I just finished reading Kai Wright's latest post to The Notion, the blog that The Nation maintains for (currently) twenty contributors. The post was yet another attempt to diagnose the almost pathological divisiveness that has consumed our country, motivated this time by en editorial by Frank Rich in Sunday's New York Times entitled, "The Rage Is Not About Health Care." Wright's reading of Rich definitely deserves reflection:
Rich points out the reality that America is undergoing one of the most deep, significant changes in its history. No, it's not health insurance reform. Nor is it our economic collapse, though that's surely part of it. Frankly, it's not even the fact of a black president. The change is far deeper and probably far more consequential: White people will shortly lose their status as normative Americans. Whatever else does or doesn't change, by the time Millennials are adults, no one will equate white skin with the phrase "all-American" – assuming the phrase carries meaning at all.
I think this is a productive analysis to bring to the conversation, particularly since it uncovers a problem deeper than the issue of normative status: It cuts far deeper to the very nature of identity that we all have, regardless of whether we see ourselves as normative.
From this point of view, both Rich and Wright missed the dead moose on the table. Without dismissing their conclusion I would argue that a more critical contribution to a prevailing sense of rage is the deterioration of what we may call "the American world of work." Unemployment is part of this problem, but it is the tip of an iceberg. Beneath that tip is that substantial chunk of our population that is in our educational system, ostensibly being prepared to enter that world of work. However, this is not simply a cri de cœur about how underfunded education is in our country; it is an attempt to raise the question of how we are to prepare our young for the future when we do not have the foggiest idea what that future will be and what roles they can possibly play in it. It is easy enough to prepare cogent arguments for kids about why they should not pin their hopes on being professional athletes or entertainers, but where should they set their hopes?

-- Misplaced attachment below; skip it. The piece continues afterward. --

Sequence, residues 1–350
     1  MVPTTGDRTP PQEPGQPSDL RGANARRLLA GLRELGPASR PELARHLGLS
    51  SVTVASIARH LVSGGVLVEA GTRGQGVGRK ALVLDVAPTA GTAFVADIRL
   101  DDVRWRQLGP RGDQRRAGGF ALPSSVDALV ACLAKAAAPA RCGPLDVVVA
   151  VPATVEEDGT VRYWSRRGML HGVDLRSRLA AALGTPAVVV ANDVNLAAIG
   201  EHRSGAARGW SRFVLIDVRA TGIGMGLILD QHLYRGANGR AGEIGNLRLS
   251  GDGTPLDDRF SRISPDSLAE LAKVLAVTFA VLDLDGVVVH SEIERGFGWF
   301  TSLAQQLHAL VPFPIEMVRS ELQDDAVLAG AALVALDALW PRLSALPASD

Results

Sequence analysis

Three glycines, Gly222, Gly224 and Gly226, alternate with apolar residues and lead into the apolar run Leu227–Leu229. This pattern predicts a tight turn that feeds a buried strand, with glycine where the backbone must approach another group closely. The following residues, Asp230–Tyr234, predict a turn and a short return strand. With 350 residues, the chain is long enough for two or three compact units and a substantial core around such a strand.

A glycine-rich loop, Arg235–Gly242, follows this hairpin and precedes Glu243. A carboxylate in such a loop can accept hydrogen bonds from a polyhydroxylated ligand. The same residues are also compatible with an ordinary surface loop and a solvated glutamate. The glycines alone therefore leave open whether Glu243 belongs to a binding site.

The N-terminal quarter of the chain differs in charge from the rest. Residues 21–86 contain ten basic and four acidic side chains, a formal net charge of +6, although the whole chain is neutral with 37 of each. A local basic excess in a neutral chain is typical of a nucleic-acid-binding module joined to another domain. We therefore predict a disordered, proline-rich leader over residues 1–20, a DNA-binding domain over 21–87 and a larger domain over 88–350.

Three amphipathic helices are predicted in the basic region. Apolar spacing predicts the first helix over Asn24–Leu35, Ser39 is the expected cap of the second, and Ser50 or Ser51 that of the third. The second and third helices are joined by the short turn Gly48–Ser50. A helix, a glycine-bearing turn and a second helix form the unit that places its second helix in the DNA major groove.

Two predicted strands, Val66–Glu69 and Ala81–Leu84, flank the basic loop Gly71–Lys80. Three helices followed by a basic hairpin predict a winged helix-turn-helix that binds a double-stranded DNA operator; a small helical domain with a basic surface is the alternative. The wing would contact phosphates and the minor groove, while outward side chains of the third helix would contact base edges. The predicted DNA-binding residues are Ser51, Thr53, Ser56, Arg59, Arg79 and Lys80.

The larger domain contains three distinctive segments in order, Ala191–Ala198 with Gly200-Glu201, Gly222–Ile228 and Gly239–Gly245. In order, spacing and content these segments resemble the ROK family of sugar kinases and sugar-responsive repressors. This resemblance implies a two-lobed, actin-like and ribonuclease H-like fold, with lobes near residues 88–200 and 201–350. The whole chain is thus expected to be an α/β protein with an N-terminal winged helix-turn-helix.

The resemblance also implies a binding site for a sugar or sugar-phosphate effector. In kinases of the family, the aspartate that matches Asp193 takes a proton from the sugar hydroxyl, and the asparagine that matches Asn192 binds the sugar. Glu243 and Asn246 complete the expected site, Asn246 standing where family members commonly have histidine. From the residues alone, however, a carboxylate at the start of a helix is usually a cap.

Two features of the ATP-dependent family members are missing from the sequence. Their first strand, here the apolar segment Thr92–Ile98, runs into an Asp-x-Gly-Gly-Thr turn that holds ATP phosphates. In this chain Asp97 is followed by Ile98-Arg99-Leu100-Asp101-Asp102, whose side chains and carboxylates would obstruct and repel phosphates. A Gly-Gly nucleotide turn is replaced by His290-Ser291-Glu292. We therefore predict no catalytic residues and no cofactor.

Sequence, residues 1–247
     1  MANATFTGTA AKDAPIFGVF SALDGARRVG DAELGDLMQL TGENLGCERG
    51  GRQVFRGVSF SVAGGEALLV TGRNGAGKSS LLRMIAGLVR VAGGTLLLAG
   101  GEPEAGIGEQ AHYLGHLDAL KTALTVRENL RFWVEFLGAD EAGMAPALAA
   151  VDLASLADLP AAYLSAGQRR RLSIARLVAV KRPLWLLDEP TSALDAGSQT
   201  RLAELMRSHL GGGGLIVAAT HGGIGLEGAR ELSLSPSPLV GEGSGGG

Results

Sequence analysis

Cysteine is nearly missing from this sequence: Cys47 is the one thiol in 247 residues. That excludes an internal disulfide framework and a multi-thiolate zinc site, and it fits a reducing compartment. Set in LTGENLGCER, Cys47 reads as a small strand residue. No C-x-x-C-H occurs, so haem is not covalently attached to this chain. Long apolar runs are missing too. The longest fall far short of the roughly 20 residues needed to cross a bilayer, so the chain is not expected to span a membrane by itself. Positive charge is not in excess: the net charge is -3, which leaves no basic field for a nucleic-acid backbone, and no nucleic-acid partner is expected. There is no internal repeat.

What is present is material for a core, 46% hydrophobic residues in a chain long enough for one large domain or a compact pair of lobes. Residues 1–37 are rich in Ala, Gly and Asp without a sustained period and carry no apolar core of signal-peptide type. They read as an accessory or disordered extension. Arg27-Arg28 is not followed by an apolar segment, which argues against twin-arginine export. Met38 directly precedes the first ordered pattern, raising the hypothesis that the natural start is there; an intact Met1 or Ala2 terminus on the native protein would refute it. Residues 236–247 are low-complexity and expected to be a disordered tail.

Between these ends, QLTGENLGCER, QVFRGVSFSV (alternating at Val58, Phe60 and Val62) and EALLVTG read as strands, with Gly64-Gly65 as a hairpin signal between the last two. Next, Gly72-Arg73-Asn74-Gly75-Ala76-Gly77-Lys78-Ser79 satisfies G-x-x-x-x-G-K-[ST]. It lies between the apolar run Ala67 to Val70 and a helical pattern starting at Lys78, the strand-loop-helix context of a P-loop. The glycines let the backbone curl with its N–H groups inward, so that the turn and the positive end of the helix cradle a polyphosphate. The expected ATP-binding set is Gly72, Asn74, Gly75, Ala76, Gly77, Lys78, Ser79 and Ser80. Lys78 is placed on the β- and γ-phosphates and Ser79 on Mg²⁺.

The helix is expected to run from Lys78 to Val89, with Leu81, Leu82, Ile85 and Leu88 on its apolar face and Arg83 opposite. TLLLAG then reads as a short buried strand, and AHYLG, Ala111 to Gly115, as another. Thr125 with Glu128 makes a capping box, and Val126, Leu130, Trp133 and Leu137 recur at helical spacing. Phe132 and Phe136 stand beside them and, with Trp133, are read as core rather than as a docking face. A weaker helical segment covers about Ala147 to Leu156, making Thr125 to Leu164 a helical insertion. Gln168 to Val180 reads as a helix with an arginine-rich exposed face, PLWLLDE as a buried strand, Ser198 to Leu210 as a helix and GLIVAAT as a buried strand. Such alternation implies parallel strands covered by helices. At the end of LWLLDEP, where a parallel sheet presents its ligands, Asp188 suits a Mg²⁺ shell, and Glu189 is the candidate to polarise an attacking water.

There is nothing new about this problem. It was only a few years ago that James O'Toole and Edward E. Lawler III came out with their book, The New American Workplace. The Foreword for this book included the following passage by Susan Meisinger:
Even though American workplaces have evolved in ways unforeseen at the time of the Work in America study, readers of The New American Workplace will draw at least one conclusion that remains unchanged from the earlier study: Satisfying work is a basic human need that establishes individual identity and self-respect and lends order to life.
This is where the real identity problem resides, in our natural ability to establish our "identity and self-respect" through satisfying work. We are afraid to confront the extent to which the world the Internet has made has robbed us of that ability; and, having had it taken violently from us, we respond in the only way we can, with the kind of rage that Rich examined. Unless we can figure out a way in which to restore that identity, it is hard to imagine any future other than one in which the rage gets more violent and ultimately more destructive.